- A. S. Traisman and H. S. Traisman, “Thumb- and finger-sucking: a study of 2,650 infants andchildren,” The Journal of Pediatrics, vol. 52, no. 5, pp. 566–572, 1958.
- O. P. Kharbanda, S. S. Sidhu, K. Sundaram, and D. K. Shukla, “Oral habits in school going children of Delhi: a prevalence study,” Journal of the Indian Society of Pedodontics and Preventive Dentistry, vol. 21, no. 3, pp. 120–124, 2003.
- S. A. Miremadi, A. A. Khoshkhounejad, and E. Mahdavi, “The prevalence of tongue thrusting in patients with periodontal disease,” Journal of Dentistry, Tehran University of Medical Sciences, vol. 2, no. 2, pp. 50–53, 2005.
- M. Sayin, E. Akin, S. Karaçay, and N. Bulakbasi, “Initial effects of the tongue crib on tongue movements during deglutition: a cine-magnetic resonance imaging study,” Angle Orthodontist, vol. 76, no. 3, pp. 400–405, 2006.
- R. D. Haryett, F. C. Hansen, P. O. Davidson, and M. L. Sandilands, “Chronic thumb-sucking: the psychologic effects and the relative effectiveness of various methods of treatment,” The American Journal of Orthodontics, vol. 53, no. 8, pp. 569–585, 1967.
- A. K. Ritto and P. Leitão, “The lingual pearl,” Journal of Clinical Orthodontics, vol. 32, no. 5, pp. 318–327, 1998.
- C. Baker, “The modified Bluegrass appliance,” Journal of Clinical Orthodontics, vol. 17, no. 9, pp. 535–537, 2000.
- B. S. Haskell and J. R. Mink, “An aid to stop thumb sucking: the “Bluegrass” appliance,” Pediatric Dentistry, vol. 13, no. 2, pp. 83–85, 1991.
- A. K. Ritto, “The micro-implant pearl,” Journal of Clinical Orthodontics, vol. 44, no. 6, pp. 385–388, 2010.
- N. L. Villa, “Changes in the dentition secondary to palatal crib therapy in digit-suckers: a preliminary study,” Pediatric Dentistry, vol. 19, no. 5, pp. 323–326, 1997.
- R. Schwestka-Polly, W. Engelke, and G. Hoch, “Electromagnetic articulography as a method for detecting the influence of spikes on tongue movement,” European Journal of Orthodontics, vol. 17, no. 5, pp. 411–417, 1995.
- J. D. Subtelny and M. Sakuda, “Open-bite: diagnosis and treatment,” The American Journal of Orthodontics, vol. 50, no. 5, pp. 337–358, 1964.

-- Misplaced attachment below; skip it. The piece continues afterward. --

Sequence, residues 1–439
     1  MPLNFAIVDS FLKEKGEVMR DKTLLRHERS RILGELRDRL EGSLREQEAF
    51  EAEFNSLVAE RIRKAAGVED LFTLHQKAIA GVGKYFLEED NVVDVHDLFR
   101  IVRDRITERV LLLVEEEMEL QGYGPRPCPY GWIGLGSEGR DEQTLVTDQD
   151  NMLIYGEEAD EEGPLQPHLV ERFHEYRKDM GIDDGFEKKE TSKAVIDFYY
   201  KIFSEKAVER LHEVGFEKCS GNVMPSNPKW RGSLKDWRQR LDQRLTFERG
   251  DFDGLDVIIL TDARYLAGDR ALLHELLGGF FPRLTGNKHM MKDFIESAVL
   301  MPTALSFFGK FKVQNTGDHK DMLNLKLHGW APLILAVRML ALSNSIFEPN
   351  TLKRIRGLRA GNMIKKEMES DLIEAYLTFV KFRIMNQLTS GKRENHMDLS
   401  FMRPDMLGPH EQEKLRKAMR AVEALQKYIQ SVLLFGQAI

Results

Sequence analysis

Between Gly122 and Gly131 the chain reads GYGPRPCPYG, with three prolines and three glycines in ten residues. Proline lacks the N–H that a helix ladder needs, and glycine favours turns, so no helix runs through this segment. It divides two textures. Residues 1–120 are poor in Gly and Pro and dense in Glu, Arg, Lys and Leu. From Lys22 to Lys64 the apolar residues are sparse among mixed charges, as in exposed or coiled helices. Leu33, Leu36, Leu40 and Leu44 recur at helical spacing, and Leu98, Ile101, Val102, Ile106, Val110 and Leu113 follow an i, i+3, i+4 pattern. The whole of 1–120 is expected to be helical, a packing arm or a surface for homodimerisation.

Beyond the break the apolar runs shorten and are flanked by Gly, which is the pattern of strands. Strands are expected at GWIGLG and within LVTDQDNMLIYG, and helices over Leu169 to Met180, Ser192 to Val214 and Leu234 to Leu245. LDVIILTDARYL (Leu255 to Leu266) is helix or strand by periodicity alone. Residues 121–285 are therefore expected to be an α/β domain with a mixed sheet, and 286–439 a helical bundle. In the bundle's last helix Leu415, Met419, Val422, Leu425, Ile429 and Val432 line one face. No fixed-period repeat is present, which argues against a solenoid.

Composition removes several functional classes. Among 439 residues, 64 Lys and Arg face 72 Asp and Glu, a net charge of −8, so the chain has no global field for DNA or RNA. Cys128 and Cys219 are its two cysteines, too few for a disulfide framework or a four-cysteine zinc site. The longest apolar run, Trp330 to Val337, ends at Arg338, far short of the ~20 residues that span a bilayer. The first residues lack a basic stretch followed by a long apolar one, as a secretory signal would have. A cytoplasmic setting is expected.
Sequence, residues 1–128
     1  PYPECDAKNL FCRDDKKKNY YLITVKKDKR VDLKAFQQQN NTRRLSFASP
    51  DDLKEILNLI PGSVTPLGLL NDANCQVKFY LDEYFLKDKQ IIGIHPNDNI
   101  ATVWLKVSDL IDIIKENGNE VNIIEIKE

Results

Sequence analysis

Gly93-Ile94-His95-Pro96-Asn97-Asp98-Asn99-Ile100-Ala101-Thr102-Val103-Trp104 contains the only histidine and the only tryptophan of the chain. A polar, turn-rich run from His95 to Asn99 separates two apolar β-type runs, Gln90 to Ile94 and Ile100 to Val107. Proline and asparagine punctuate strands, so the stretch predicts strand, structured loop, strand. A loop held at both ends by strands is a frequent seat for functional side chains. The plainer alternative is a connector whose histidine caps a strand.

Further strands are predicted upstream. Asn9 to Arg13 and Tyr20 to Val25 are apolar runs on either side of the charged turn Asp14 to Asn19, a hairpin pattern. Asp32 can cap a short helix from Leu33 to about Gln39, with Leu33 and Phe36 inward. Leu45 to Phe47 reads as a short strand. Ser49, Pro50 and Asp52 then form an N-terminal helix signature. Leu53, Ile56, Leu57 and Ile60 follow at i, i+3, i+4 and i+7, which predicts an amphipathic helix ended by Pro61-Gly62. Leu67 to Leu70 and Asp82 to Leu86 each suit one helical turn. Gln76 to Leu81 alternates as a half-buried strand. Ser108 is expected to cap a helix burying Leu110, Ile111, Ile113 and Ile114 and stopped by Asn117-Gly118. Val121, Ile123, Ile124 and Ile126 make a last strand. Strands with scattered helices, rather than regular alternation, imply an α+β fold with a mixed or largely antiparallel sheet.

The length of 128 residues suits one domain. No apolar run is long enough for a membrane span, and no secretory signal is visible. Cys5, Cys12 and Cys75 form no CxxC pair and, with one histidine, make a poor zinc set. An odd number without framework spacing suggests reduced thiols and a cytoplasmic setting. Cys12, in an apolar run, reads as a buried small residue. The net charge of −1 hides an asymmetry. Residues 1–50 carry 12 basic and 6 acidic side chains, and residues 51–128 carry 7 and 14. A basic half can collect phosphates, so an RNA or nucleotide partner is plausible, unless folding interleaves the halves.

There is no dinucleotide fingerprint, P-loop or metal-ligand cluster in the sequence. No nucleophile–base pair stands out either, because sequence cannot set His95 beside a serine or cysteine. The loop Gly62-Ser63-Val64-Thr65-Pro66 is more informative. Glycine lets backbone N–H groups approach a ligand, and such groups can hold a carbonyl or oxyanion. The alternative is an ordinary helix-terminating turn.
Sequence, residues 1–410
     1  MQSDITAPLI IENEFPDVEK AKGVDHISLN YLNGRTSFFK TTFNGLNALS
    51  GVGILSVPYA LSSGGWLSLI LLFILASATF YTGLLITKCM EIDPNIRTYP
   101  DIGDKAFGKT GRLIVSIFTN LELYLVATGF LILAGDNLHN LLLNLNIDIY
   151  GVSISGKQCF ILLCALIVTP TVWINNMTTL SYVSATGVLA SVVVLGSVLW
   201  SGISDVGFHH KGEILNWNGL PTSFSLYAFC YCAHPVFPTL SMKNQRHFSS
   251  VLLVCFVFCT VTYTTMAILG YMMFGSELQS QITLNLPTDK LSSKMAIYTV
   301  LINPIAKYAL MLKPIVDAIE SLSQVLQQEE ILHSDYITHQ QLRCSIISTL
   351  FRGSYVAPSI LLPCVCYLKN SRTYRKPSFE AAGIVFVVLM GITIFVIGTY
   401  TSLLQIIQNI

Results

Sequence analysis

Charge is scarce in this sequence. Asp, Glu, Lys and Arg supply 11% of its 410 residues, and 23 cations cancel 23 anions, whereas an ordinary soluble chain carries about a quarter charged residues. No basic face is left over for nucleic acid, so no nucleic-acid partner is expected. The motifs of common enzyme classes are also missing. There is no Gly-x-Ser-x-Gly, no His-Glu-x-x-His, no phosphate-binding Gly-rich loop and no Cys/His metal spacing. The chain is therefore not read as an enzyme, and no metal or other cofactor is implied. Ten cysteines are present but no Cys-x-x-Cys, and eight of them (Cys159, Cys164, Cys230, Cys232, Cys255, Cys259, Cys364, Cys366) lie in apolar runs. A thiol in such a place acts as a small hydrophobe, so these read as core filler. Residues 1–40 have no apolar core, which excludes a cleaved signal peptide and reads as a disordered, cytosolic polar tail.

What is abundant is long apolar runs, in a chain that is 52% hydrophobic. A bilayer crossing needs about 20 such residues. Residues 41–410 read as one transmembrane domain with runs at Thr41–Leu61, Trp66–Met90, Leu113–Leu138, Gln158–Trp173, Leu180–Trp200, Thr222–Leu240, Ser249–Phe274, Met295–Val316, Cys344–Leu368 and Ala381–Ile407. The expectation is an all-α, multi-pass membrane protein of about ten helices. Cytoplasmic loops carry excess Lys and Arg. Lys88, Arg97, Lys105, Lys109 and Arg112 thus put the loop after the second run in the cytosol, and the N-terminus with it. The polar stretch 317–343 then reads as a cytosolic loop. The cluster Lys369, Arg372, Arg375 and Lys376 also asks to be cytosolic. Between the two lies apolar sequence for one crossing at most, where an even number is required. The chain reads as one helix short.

- P. Ngan and H. Fields, “Open bite: a review of etiology and management,” Pediatric Dentistry, vol. 19, no. 2, pp. 91–98, 1997.
- R. A. Van Norman, “Digit-sucking: a review of the literature, clinical observations and treatment recommendations,” International Journal of Orofacial Myology, vol. 23, pp. 14–34, 1997.
- A. Bartsch, E. Witt, G. Sahm, and S. Schneider, “Correlates of objective patient compliance with removable appliance wear,” The American Journal of Orthodontics and Dentofacial Orthopedics, vol. 104, no. 4, pp. 378–386, 1993.
- T. C. Schott and G. Göz, “Young patients' attitudes toward removable appliance wear times, wear-time instructions and electronic wear-time measurements: results of a questionnaire study,” Journal of Orofacial Orthopedics, vol. 71, no. 2, pp. 108–116, 2010.
- W. R. Profit and F. W. Fields, Contemporary Orthodontics, Mosby, 3rd edition, 2000.
- J. A. Maguire, “The evaluation and treatment of pediatric oral habits,” Dental Clinics of North America, vol. 44, no. 3, pp. 659–669, 2000.
- J. D. Subtelny, “Oral habits: studies in form, function, and therapy,” Angle Orthodontist, vol. 43, no. 4, pp. 347–383, 1973.
- J. D. Subtelny, “Malocclusions, orthodontic corrections and orofacial muscle adaptation,” Angle Orthodontist, no. 3, pp. 170–201, 1970.
- W. J. Tulley, “A critical appraisal of tongue-thrusting,” The American Journal of Orthodontics, vol. 55, no. 6, pp. 640–650, 1969.
- P. Cozza, T. Baccetti, L. Franchi, M. Mucedero, and A. Polimeni, “Transverse features of subjects with sucking habits and facial hyperdivergency in the mixed dentition,” The American Journal of Orthodontics and Dentofacial Orthopedics, vol. 132, no. 2, pp. 226–229, 2007.
- A. Jacobson, “Helping the Thumb-sucking Child,” The American Journal of Orthodontics and Dentofacial Orthopedics, vol. 116, no. 6, 1999.
- C. R. Tornisiello Katz, A. Rosenblatt, and P. P. C. Gondim, “Nonnutritive sucking habits in Brazilian children: effects on deciduous dentition and relationship with facial morphology,” The American Journal of Orthodontics and Dentofacial Orthopedics, vol. 126, no. 1, pp. 53–57, 2004.
- T. M. Graber, “Thumb- and finger-sucking,” The American Journal of Orthodontics, vol. 45, no. 4, pp. 258–264, 1959.
- L. Davidson, “Thumb and finger sucking,” Pediatrics in review, vol. 29, no. 6, pp. 207–208, 2008.